Mountain Dew dropped Lil Wayne as a spokesperson but the controversy surrounding his lewd lyrical reference to Emmett Till has yet to die down. Rev. Al Sharpton organized a meeting between Emmett Till’s family and officials from Mountain Dew’s parent company PepsiCo, on Wednesday (May 8).
Following the meeting, Rev. Sharpton released a statement with an upbeat tone:
“PepsiCo apologized to the family again and they accepted while agreeing with me that this is a “teachable moment” and we must work with younger hip-hop artists so they know their civil rights history and become more engaged in the community.”
The offending lyrics (I’ll beat the p**** up like Emmett Till”) struck a chord with the Till family. Till was a black boy beaten to death in 1955 for allegedly whistling at a white woman.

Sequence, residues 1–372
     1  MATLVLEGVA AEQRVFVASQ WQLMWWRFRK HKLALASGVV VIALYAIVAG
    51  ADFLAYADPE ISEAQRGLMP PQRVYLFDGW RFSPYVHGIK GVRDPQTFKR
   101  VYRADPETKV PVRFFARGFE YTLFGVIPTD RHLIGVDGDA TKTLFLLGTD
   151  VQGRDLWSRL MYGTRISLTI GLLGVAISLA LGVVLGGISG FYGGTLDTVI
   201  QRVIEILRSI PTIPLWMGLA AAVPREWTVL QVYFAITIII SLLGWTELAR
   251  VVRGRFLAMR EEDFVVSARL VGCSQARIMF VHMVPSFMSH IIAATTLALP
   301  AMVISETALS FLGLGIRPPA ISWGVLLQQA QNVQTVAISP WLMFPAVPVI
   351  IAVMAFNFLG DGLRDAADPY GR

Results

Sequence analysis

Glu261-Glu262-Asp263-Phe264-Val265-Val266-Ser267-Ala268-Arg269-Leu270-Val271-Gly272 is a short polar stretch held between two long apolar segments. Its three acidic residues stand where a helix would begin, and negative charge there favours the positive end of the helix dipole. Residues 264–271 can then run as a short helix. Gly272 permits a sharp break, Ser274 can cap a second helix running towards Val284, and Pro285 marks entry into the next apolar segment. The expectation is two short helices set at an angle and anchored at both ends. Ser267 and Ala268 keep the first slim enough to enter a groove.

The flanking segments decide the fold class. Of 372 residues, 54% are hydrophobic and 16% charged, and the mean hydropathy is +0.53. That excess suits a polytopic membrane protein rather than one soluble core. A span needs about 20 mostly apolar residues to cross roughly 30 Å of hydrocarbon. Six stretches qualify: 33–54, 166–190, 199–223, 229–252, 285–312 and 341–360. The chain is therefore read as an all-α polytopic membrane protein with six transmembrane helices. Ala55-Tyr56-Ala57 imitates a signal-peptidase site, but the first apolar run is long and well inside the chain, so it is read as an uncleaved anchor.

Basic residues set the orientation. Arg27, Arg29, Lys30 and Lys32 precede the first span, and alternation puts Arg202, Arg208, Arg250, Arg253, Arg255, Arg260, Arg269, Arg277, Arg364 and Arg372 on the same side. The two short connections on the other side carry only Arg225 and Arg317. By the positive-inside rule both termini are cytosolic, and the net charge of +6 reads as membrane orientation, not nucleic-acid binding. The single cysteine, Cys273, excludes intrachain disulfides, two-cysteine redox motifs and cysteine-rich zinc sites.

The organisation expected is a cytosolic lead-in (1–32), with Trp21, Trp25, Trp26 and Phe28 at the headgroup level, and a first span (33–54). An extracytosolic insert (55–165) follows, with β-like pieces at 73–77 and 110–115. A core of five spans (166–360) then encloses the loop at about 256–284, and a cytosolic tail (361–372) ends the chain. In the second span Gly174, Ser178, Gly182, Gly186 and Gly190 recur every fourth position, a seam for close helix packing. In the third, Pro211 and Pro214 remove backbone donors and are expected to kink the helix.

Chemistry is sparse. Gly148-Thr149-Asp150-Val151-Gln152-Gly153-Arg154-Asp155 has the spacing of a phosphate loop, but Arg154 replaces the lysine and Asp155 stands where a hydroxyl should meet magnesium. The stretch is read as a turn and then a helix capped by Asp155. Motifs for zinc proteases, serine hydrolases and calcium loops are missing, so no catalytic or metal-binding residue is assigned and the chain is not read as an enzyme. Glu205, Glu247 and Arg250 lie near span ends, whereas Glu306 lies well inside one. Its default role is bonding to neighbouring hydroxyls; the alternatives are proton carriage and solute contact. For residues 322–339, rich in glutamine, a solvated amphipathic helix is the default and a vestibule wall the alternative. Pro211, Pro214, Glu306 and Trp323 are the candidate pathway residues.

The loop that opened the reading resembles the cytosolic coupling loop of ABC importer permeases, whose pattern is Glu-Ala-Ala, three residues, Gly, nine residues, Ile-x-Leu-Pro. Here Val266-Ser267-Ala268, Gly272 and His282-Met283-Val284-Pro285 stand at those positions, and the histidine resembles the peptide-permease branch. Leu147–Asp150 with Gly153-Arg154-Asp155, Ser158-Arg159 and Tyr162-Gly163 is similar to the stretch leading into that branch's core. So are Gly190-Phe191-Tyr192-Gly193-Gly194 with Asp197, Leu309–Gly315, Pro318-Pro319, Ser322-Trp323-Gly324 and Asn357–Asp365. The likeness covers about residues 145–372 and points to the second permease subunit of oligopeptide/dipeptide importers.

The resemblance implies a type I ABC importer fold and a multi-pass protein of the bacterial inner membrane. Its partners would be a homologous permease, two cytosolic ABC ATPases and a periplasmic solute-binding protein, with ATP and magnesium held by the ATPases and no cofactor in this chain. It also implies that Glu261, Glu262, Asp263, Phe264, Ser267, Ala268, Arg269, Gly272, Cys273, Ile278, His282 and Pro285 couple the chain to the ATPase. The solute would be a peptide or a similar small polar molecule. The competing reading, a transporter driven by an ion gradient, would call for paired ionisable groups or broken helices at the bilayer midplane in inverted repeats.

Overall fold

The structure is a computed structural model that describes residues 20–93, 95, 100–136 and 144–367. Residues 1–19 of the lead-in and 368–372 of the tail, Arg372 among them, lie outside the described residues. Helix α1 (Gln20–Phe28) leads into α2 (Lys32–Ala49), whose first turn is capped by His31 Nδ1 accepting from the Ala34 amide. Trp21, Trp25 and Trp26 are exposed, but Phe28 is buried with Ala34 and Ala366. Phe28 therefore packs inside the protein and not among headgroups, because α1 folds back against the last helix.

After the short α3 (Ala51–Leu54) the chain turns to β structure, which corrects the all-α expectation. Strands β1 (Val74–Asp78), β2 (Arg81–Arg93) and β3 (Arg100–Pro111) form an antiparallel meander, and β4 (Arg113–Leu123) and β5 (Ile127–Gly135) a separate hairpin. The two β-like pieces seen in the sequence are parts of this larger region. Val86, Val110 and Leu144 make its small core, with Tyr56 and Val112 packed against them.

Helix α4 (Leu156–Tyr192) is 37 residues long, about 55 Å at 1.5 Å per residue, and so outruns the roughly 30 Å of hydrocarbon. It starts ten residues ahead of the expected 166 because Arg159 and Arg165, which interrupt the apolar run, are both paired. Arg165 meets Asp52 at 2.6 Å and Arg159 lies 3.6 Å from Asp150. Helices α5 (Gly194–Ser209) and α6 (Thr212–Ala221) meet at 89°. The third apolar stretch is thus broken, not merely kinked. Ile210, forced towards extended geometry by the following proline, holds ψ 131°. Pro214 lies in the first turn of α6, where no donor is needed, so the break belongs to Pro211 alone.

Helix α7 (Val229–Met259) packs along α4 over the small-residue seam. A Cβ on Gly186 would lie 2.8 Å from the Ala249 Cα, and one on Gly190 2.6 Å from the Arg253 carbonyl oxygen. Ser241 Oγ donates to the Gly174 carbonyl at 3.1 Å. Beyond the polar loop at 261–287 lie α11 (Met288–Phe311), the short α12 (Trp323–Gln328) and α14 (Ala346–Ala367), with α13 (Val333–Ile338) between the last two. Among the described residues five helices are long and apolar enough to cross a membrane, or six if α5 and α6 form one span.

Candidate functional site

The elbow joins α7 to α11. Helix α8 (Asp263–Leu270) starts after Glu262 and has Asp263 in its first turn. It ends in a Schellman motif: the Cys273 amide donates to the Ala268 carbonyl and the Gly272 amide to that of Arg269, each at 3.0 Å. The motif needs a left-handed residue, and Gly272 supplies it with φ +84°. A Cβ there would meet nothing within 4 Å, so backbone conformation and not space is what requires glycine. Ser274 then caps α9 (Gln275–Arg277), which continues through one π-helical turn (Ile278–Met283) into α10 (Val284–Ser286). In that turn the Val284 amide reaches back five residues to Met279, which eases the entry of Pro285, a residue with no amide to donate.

“When you speak lyrics like, ‘beat that p—y up like Emmett Till,’ not only are you destroying the preservation and legacy of Emmett Till’s memory and name, but the impact of his murder in black history, along with degradation of women,” wrote Airickca Gordon-Taylor, Executive Director of the Mamie Till Mobley Memorial Fund.
Last week, after a period of silence on the matter, Wayne reached out to the family with a statement in which he expressed empathy for the lyrics featured on Future’s “Karate Chop,” but skirted any direct mention of the words “apology” or “sorry.”
“I fully support Epic Record’s decision to take down the unauthorized version of the song and to not include the reference in the version that went to retail,” wrote Wayne in his statement. “I will not be performing the lyrics that contain that reference live and have removed them from my catalogue.”
The “non-apology” did not satisfy the Till family, and Wayne was dropped by the soft drink brand. Mountain Dew also pulled a series of television ads directed by Tyler, The Creator, after critics deemed them racist and insensitive to battered women.
- Nee-Sa Lossing, Radio.com